James L. Tatum III is a 2017 M.P.A. Candidate, Syracuse University Maxwell School of Citizenship and Public Affairs. The author would like to thank Professor Joseph Ohren of Eastern Michigan University for his helpful comments on the article. Additionally, the author would like to thank Nino C. Monea, 2017 J.D. Candidate, Harvard Law School, for his comments.
IN 2009, GENERAL MOTORS CORP. FILED FOR CHAPTER 11 BANKRUPTCY AND SOLD OFF ITS HUMMER, SAAB, AND SATURN DIVISIONS IN ORDER TO REPAY CREDITORS. The city of Detroit filed for Chapter 9 bankruptcy in 2013, and attracted worldwide speculation that it would sell off Matisses, Cezannes, and Rembrandts. In fact, two creditors, Financial Guaranty Insurance Company and Syncora Guarantee, Inc., were persistent in their demand to monetize the city’s art collection held in the Detroit Institute of Arts (DIA).1 Prior to the city’s bankruptcy, few people understood how intertwined the DIA was with the city’s finances.
Founded as the Detroit Museum of Arts in 1885, the museum existed as a private institution until 1919.2 In 1919, after its own financial distress, the museum came under the city’s stewardship. The museum had always relied upon financial support from the then-prosperous city, but under the city’s ownership, annual operations, maintenance, and acquisitions became taxpayers’ responsibility. Then, with the decline of the city, the relationship was amended a second time in 1997. The city transferred operation responsibilities over to the Founders Society, a nonprofit but the city retained ownership over the art collection.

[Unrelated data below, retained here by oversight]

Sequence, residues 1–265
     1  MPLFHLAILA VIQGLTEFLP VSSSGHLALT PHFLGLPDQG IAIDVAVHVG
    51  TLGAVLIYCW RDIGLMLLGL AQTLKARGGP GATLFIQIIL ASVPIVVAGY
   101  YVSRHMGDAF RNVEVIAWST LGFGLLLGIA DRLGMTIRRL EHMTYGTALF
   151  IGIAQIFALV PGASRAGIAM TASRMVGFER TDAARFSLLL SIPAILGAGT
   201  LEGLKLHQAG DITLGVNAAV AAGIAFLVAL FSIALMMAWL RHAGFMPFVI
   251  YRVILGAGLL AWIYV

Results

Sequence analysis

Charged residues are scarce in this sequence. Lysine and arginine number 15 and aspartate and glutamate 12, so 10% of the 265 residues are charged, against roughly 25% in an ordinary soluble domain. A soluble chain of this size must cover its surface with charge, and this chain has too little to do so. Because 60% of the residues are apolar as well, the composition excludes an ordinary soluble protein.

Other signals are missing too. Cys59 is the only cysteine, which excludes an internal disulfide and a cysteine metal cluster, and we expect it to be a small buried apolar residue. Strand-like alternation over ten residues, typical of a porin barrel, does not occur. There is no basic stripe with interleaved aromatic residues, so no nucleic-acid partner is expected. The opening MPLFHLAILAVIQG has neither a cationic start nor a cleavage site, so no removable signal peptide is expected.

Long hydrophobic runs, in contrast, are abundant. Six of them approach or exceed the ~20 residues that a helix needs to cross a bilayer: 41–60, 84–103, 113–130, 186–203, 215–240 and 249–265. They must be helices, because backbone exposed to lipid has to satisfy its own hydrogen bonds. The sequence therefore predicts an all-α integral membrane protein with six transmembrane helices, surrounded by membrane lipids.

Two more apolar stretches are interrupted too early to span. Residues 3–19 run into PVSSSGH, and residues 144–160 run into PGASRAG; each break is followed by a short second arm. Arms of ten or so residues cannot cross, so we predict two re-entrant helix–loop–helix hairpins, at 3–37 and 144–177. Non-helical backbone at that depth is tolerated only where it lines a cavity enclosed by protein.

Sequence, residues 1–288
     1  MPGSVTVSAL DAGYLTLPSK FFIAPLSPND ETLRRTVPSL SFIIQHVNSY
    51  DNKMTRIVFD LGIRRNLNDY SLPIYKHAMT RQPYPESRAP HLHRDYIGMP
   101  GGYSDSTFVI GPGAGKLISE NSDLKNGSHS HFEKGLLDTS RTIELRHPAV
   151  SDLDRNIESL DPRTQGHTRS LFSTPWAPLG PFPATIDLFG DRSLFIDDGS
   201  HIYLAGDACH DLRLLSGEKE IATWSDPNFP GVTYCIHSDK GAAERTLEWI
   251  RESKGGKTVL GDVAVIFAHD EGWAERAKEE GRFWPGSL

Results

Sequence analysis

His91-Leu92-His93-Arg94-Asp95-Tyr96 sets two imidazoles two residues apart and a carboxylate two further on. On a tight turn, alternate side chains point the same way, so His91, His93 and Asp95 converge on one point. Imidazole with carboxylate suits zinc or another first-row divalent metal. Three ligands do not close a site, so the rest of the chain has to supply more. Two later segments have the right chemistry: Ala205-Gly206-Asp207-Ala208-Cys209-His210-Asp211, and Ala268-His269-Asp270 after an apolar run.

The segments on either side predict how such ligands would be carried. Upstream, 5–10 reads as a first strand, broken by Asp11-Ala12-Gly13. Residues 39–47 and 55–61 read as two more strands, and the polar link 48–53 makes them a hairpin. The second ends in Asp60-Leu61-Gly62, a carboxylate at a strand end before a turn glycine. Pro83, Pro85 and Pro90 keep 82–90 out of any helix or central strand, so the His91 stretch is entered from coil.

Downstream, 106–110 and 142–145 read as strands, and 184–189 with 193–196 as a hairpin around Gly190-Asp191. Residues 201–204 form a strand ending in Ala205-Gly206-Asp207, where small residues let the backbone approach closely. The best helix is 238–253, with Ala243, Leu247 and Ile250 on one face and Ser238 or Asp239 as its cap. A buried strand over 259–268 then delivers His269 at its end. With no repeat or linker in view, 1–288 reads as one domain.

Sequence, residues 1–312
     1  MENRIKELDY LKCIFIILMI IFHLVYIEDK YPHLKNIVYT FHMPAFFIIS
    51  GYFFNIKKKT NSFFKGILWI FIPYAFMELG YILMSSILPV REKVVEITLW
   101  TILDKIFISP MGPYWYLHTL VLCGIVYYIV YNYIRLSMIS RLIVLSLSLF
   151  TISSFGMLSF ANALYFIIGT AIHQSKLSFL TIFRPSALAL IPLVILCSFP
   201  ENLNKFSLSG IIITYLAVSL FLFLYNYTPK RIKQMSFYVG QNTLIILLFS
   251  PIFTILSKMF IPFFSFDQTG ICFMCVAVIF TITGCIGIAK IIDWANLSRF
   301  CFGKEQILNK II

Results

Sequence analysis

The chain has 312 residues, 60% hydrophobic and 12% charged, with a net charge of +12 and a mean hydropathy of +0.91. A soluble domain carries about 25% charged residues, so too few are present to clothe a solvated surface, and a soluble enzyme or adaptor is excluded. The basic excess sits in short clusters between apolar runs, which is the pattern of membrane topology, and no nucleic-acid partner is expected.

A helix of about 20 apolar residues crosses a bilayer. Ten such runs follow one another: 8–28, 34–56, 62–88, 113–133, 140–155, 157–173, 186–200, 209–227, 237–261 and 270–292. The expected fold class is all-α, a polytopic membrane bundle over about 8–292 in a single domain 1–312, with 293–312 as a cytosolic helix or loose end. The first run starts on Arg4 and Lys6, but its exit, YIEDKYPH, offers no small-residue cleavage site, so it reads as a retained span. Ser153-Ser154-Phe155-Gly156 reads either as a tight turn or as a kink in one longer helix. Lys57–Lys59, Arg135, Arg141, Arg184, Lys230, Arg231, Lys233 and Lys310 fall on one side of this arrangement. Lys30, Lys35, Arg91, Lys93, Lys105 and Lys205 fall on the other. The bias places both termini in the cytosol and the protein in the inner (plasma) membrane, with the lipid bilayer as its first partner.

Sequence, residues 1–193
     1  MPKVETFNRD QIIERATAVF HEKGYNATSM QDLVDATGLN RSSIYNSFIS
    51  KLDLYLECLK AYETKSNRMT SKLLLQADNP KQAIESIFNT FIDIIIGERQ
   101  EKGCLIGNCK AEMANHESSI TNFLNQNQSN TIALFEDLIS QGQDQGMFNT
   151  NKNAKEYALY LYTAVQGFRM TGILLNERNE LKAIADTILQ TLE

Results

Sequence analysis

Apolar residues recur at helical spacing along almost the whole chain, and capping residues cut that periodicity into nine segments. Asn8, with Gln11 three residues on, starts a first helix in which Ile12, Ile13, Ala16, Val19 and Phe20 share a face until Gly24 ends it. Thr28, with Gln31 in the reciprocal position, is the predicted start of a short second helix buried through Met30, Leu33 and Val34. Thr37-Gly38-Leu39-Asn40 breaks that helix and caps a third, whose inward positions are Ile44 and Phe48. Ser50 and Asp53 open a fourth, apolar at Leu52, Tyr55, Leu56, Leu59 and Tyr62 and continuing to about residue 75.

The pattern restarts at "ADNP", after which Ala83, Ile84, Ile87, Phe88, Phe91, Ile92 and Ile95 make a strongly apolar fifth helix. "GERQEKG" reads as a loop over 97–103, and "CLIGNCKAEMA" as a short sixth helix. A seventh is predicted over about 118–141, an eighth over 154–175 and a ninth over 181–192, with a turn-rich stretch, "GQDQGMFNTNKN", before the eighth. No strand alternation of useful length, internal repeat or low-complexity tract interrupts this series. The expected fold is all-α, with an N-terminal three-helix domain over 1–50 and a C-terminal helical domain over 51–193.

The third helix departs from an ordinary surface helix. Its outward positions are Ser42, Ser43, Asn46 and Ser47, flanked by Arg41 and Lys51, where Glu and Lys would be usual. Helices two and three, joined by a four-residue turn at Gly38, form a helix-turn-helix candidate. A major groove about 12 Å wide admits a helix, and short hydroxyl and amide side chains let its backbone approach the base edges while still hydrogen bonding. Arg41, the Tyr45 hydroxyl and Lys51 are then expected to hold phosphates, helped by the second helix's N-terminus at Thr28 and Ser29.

Once Detroit filed for bankruptcy under Chapter 9, the section of the Bankruptcy Code that applies to cities, towns, school districts, etc., attention quickly focused on the museum. Speculators assumed that under financial distress, the city would have to liquidate like an insolvent business and the DIA was the city’s most valuable asset.3 Asset monetization in the context of bankruptcy — the worst case scenario for financially distressed municipalities—is not well understood. But the DIA’s valuation and its treatment under Chapter 9 has answered the controversy over how far a creditor’s reach can extend to recoup investments.
The information in this article is important not only to lawmakers who will oversee cases of financial distress, but also to bondholders. The discussion over how municipal creditors are compensated has mostly dealt with taxation, because taxes are the main source of revenue for municipalities.4 The issue of asset monetization has been relatively absent from the conversation, a conversation that has become more relevant in the aftermath of the Great Recession. Debtors and creditors alike will be left uninformed and unprepared if this conversation does not take place and the issues detailed in this article are left unexplored.